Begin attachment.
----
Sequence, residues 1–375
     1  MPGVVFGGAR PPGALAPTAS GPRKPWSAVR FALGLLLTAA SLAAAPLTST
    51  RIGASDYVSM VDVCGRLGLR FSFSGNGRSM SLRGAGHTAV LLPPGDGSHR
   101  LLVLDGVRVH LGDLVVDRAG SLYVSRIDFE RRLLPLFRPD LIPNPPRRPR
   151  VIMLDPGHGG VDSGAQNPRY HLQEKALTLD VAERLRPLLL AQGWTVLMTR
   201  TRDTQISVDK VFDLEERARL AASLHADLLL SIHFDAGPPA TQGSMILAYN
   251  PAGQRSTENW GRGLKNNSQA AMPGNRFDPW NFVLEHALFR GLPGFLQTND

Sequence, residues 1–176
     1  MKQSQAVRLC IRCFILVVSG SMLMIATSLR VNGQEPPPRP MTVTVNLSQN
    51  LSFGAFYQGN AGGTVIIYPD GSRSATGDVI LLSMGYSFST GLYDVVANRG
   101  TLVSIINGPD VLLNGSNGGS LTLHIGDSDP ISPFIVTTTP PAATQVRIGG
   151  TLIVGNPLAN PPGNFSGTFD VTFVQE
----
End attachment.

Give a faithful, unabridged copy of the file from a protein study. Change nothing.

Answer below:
Sequence, residues 1–375
     1  MPGVVFGGAR PPGALAPTAS GPRKPWSAVR FALGLLLTAA SLAAAPLTST
    51  RIGASDYVSM VDVCGRLGLR FSFSGNGRSM SLRGAGHTAV LLPPGDGSHR
   101  LLVLDGVRVH LGDLVVDRAG SLYVSRIDFE RRLLPLFRPD LIPNPPRRPR
   151  VIMLDPGHGG VDSGAQNPRY HLQEKALTLD VAERLRPLLL AQGWTVLMTR
   201  TRDTQISVDK VFDLEERARL AASLHADLLL SIHFDAGPPA TQGSMILAYN
   251  PAGQRSTENW GRGLKNNSQA AMPGNRFDPW NFVLEHALFR GLPGFLQTND

Sequence, residues 1–176
     1  MKQSQAVRLC IRCFILVVSG SMLMIATSLR VNGQEPPPRP MTVTVNLSQN
    51  LSFGAFYQGN AGGTVIIYPD GSRSATGDVI LLSMGYSFST GLYDVVANRG
   101  TLVSIINGPD VLLNGSNGGS LTLHIGDSDP ISPFIVTTTP PAATQVRIGG
   151  TLIVGNPLAN PPGNFSGTFD VTFVQE